From Pasture to the Harbour, and High Terrain to the Plain

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Lowland and Hill Walks
Feb 24

15 people attending

5 places left

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Distance is EITHER 16.5 km (10 miles) OR 22 km (13.5 miles); total ascent is 102 m; terrain is mostly flat apart from a small ascent and descent; surfaces are dirt, grass, gravel and tarmac.

Spending time in 'green space' (a garden, a park, a landscape) is proven to have mental health benefits, but being in 'blue space' (a lake, a river, a seascape) is even more effective. On this inland but also coastal walk, blue and green space meet: the small hills of the edge of South Downs National Park settle into the flat, fertile fields of the Sussex Plain before they in turn dissolve into the reedbeds, saltmarshes and creeks of Chichester Harbour Area of Outstanding Natural Beauty. In addition, the villages we'll see are among the prettiest around. Seaward Bosham is well-known, but landward Funtington, the Ashlings and West Stoke might be new to you.

The sights:

West Stoke: 'Surprisingly remote, at the exact point where the Downs meet the plain: the view N is thick woods and bare hillside; the view S is flat fields and copses…Church of Saint Andrew simple aisleless C11 nave including fragments of Roman brick...The stumpy south tower includes the porch: low with a pyramidal top; wall painting above the chancel arch remains of a fine crucifixion scene c.1190 to 1220’ (The Buildings of England, Sussex: West by Williamson, Hudson, Musson and Nairn.)

West Ashling: 'Has two especially good timber framed thatched cottages among a lot of pretty ones...The main road curves around a large pond (with former mill, three-storeyed, red brick, of 1825)'.  (The Buildings of England, Sussex: West by Williamson et al.)

Funtington: 'Flint and brick cottages and stuccoed houses NW of Chichester where the Downs slide into the Sussex plain'. (The Buildings of England, Sussex: West by Williamson et al.)

Chichester Harbour AONB: 'Chichester Harbour is one of the few remaining undeveloped coastal areas in Southern England...Its wide expanses and intricate creeks are at the same time a major wildlife haven and among some of Britain's most popular boating waters. The massive stretch of tidal flats and saltings are of outstanding ecological significance.' (From Wikipedia). 

Bosham: 'Deservedly, the best-known village around Chichester Harbour: a close-packed huddle of cottages at the waterside, as intricate as a Cornish village, but built to a softer Sussex colour scheme' (Ian Nairn). Holy Trinity Church is Saxon, but most is C12 and C13. A daughter of King Cnut is buried in the church, and Harold Godwinson prayed there before setting sail to offer allegiance to Duke William of Normandy in 1064 and thus it features on the Bayeux Tapestry as BOSHAM: ECCLESIA. Brook House is 1743, grade II-listed.


I love having dogs on my walks and this walk is very suitable for them with few stiles, busy roads and fields with livestock. Plus, they can splash in the sea at Bosham and get coated in stinky harbour mud! At some points, the Harbour Conservancy Council insist upon dogs going on leads in order to protect shore-nesting and feeding birds. Any dog off the lead must be under control.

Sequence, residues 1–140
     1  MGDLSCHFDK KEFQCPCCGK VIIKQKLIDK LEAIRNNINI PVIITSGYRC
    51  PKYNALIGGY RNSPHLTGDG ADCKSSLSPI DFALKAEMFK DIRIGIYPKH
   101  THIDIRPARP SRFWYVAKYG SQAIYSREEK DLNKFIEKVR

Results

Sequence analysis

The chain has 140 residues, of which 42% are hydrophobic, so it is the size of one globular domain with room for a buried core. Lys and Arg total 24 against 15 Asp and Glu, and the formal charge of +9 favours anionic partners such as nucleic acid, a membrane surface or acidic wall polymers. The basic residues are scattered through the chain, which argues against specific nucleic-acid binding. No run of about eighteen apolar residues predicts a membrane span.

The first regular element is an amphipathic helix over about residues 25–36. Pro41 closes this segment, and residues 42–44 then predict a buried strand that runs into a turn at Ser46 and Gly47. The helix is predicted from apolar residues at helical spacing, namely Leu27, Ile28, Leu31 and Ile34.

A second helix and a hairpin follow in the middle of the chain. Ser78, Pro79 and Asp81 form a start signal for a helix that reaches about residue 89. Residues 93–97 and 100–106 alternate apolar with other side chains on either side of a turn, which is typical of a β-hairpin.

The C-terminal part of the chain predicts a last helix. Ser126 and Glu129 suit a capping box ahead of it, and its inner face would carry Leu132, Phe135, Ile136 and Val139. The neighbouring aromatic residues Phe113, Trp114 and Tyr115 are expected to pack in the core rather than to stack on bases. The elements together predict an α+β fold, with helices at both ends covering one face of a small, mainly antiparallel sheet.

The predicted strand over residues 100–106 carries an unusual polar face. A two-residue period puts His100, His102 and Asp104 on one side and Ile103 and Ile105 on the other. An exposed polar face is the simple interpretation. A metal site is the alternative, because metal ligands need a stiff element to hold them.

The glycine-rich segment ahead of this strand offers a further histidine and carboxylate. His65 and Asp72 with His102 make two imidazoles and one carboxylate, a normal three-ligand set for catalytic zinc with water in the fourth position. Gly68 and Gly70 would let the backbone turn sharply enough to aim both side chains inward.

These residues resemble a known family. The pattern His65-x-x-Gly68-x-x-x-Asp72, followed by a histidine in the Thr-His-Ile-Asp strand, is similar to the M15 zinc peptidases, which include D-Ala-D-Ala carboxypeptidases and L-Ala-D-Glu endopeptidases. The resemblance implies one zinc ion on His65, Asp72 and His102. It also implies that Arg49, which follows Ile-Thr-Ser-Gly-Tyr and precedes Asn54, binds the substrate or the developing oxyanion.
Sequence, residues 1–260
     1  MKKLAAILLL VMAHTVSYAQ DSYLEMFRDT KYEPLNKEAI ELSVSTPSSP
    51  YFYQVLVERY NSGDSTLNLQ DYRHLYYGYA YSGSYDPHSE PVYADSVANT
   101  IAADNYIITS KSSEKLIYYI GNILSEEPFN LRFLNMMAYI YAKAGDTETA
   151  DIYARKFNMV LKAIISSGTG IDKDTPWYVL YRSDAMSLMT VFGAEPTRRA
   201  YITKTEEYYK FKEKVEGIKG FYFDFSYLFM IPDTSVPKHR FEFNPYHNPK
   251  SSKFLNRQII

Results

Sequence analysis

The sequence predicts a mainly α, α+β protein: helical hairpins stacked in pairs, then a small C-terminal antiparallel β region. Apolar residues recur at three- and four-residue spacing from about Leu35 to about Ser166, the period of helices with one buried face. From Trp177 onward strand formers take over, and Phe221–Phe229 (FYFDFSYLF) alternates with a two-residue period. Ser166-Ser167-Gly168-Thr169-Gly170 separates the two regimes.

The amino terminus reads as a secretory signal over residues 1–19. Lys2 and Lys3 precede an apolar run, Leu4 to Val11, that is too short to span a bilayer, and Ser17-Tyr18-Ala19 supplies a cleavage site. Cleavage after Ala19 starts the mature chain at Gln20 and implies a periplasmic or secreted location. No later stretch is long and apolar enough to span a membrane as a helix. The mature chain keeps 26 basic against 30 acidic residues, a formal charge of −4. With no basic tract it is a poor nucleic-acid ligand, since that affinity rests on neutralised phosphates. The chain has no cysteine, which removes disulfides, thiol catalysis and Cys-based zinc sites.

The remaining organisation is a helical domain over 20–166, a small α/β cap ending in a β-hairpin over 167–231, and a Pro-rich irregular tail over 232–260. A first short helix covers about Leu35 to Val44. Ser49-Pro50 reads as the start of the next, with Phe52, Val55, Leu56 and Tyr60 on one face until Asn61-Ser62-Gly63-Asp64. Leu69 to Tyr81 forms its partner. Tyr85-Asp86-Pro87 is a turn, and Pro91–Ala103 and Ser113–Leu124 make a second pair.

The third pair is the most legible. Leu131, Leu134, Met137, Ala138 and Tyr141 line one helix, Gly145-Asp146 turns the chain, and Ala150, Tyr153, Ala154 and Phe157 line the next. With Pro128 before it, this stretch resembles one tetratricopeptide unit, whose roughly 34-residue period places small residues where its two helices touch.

The route (click the link to see it):

The full walk is 22 km (13.5 miles) long, but folk may want to do a shortened 16.5 km (10 miles) version. 

Leaving the station and heading north along the B2146, we'll go over the A27, then go east along Clay Lane, then north again up Mouthey's Lane than Lye Lane to West Stoke. We'll then turn west along Downs Lane to Funtington for lunch at the pub. We'll then walk southeast down Watery Lane to West Ashling. We'll then walk southwest along Mill Road and West Ashling Road, before turning south along Newells Lane which will take us over the A27 to the A259 just outside Bosham. Footpaths heading south along the harbour will bring us to Bosham where we'll explore the village. We'll do a loop around the harbour using Shore Road, which is where memners not wantiong to do teh full walk are welcome to leave us. Remaining participants will then do another loop around the Bosham Peninsula using Lower Hone Lane, Smugglers Lane and Hoe Lane. Tarlors Lane, heading North, will take us back to the village where a walk north along Delling Lane will take us back to the station.

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(Photo credits: On Chichester Harbour. At low tide a causeway opens up across the inlet: Photo © diamond geezer (cc-by-nc-nd/2.0); Pond at West Ashling: Photo © Dave Spicer (cc-by-sa/2.0); St Andrew's Church West Stoke: Photo © Dave Spicer (cc-by-sa/2.0); Oak on Downs Road: Photo © Dave Spicer (cc-by-sa/2.0);  Conifers by Downs Road: Photo © Dave Spicer (cc-by-sa/2.0); Farmland North of East Ashling: Photo © Chris Gunns (cc-by-sa/2.0); Lane called Woodend: Photo © Dave Spicer (cc-by-sa/2.0); The Fox and Hounds, Funtington: Photo © Robin Webster (cc-by-sa/2.0); Mill pond with the former West Ashling Mill: Photo © Dave Spicer (cc-by-sa/2.0); Bosham: Photo © diamond geezer (cc-by-nc-nd/2.0); Bench overlooking Bosham Channel: Photo © Des Blenkinsopp (cc-by-sa/2.0); Houses in Chidham Lane: Photo © Basher Eyre (cc-by-sa/2.0); Houses at Bosham: Photo © David Martin (cc-by-sa/2.0); Shore Road, Bosham: Photo © Oliver Dixon (cc-by-sa/2.0). All images are copyrighted but are here credited to their copyright holders and are licensed for reuse under either Creative Commons CC-BY-SA/2.0 or Creative Commons CC-BY-NC-ND/2.0))